Call me Ishmael
Air-sea interaction tower built off Marthas vineyard
In the deep waters two miles south of Edgartown on Marthas Vineyard, not far from where, two centuries ago, the likes of Captain Ahab and a thousand others kept their watch for the great white and his kin, we are now searching to understand another potential beast in those parts: the ocean and the weather.
But this is no allegory. Hoping to avoid any recurrence in these sometimes turbulent waters of the horrendous storms so intensely portrayed in Moby Dick as well as The Perfect Storm, the Office of Naval Research has built a tower bristling from top to bottom with sensors. The Air-Sea Interaction Tower will continually measure atmospheric and ocean conditions such as air temperature, humidity, solar radiation and carbon dioxide, as well as water temperature, salinity or salt content, wave height and direction, water circulation, current speed and direction, and sediment transport. It will directly measure momentum, heat, and mass exchange between the atmosphere and ocean. Anchored 50 feet down into the ocean floor, the tower extends 76 feet into the marine atmosphere. It will be maintained and operated by scientists at the Woods Hole Oceanographic Institution (WHOI) in Massachusetts and will be connected by undersea cables to WHOIs Marthas Vineyard Coastal Observatory (MVCO).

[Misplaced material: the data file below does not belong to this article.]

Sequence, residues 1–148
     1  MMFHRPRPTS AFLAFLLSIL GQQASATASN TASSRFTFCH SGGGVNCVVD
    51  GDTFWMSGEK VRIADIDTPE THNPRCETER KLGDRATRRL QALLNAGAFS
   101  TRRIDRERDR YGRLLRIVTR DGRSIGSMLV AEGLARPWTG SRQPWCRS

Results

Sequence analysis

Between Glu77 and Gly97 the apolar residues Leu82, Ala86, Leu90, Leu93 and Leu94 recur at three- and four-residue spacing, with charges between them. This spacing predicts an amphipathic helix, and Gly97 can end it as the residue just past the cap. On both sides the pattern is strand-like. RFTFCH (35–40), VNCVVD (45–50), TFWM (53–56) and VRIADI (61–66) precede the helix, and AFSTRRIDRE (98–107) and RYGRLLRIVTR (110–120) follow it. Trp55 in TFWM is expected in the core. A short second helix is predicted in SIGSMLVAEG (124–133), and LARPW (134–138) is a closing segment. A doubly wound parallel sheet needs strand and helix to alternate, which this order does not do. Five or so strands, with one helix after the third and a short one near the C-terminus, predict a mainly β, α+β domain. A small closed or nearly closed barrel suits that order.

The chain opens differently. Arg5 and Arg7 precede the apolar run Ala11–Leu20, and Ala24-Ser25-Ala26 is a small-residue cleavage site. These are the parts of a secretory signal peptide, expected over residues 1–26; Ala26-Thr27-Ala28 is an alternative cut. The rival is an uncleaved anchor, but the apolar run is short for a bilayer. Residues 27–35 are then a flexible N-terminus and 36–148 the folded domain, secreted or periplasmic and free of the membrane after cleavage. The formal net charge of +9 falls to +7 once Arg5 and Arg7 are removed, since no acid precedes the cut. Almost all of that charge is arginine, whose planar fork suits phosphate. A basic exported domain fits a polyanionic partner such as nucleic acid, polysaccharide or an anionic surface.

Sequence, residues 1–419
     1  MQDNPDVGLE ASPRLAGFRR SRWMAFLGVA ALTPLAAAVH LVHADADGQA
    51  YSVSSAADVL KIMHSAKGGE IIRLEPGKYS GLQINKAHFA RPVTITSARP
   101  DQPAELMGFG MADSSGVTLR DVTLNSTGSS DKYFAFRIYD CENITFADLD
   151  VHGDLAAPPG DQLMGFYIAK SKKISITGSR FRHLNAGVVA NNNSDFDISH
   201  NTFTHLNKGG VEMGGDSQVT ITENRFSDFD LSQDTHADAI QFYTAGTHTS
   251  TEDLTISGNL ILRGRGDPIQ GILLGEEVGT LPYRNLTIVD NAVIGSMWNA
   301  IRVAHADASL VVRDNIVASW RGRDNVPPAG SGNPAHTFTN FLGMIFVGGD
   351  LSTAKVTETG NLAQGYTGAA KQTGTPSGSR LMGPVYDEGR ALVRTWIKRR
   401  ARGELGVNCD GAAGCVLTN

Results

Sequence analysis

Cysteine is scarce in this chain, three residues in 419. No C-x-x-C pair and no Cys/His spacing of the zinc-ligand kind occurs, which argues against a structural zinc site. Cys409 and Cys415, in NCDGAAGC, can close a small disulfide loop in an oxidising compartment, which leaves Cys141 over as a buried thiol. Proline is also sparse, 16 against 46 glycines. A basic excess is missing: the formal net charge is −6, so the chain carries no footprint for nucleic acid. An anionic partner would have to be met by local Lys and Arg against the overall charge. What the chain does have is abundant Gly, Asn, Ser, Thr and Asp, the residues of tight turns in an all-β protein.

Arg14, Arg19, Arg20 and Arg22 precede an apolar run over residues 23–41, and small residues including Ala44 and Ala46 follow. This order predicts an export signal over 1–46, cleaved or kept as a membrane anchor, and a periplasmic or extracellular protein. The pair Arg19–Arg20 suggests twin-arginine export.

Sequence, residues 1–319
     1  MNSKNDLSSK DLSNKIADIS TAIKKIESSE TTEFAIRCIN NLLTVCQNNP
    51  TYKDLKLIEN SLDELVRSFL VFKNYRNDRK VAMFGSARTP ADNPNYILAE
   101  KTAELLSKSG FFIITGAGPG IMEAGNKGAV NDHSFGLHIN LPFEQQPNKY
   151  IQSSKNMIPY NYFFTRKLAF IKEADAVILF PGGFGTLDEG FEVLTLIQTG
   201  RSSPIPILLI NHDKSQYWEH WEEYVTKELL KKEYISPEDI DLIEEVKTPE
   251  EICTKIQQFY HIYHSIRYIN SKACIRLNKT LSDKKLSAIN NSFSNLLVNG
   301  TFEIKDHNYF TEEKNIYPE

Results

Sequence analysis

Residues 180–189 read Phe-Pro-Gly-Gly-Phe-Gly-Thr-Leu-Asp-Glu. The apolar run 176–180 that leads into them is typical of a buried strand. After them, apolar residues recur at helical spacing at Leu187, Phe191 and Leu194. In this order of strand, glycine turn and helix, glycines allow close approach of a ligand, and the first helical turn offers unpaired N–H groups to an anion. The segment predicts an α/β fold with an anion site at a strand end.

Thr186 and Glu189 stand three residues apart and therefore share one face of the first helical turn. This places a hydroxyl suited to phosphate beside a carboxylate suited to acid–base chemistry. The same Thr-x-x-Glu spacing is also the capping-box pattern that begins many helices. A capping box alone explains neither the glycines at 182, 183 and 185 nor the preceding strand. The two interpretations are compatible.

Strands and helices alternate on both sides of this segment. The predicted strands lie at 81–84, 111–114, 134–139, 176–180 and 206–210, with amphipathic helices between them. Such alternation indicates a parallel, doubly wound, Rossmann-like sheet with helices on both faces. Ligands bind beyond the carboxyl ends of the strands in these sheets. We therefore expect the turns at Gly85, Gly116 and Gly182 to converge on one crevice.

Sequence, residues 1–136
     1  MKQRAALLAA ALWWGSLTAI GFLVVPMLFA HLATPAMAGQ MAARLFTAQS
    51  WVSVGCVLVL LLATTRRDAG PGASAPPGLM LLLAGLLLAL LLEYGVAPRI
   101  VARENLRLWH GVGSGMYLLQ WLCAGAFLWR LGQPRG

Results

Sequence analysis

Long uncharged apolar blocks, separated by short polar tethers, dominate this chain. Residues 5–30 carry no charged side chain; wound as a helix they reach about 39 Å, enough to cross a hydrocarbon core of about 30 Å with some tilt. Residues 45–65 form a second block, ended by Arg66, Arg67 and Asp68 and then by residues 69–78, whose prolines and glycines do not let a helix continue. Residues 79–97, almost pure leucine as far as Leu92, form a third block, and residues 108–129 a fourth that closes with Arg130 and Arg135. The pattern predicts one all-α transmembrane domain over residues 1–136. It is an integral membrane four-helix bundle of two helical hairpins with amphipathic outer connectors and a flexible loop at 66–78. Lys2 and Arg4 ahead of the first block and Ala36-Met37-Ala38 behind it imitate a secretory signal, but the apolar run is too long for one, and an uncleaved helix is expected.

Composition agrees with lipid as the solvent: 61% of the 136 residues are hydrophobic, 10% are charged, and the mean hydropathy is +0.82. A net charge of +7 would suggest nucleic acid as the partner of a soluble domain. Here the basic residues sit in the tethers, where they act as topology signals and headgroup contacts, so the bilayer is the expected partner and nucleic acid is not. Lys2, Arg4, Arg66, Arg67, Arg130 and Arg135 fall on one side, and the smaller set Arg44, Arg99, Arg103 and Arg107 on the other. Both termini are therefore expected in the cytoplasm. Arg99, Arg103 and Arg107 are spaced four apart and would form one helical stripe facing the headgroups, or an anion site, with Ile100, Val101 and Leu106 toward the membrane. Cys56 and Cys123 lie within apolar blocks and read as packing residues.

“No one has ever built this kind of thing before. Understanding how the ocean and atmosphere interact under all conditions, and understanding the factors that affect the exchange of energy between the ocean and atmosphere, how readily carbon dioxide is exchanged, and how currents and waves affect bottom sediments, makes for better weather forecasts,” says science officer Simon Chang who oversees the project for ONR. “Avoiding storms and correctly and precisely forecasting bad weather saves lives.”
Power and data transmission from the Tower are supplied the underwater cable linked to MVCO. Data gathered will be integrated with MVCO data and made directly available to all users and to the general public via the MVCO web site at http://www.whoi.edu/mvco. The data will include wind speed and direction, air and sea temperature, wave height and direction, and currents at the offshore site.
“This is a one-of-a kind platform for studying coastal processes in the Atlantic Ocean,” says James Edson of WHOIs Ocean Physics and Engineering Department, who serves as project engineer. “It will be used by researchers, educators, and students from around the world during its lifetime.”
Ishmael told a good story, but unlike his Captain he did not vow a relentless watch, and a relentless watch is what the Navy wants. Better to call this tower, Ahab.
For more information on the ASIT, or to interview the scientists if you are media., please contact Gail Cleere at ONR, 703-696-4987 or email firstname.lastname@example.org.
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